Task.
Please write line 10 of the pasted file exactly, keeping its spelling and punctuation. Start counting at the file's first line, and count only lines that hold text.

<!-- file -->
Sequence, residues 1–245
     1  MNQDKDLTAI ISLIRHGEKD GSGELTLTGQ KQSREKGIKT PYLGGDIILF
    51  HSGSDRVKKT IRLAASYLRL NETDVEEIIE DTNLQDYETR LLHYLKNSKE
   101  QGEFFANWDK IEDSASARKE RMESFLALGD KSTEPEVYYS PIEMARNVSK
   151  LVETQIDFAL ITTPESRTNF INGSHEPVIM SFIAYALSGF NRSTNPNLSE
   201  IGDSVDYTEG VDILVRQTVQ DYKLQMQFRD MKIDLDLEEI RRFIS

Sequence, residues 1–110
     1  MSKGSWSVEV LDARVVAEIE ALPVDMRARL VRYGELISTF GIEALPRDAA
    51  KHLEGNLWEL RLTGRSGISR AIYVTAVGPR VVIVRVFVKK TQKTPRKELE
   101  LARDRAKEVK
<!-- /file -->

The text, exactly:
   101  LARDRAKEVK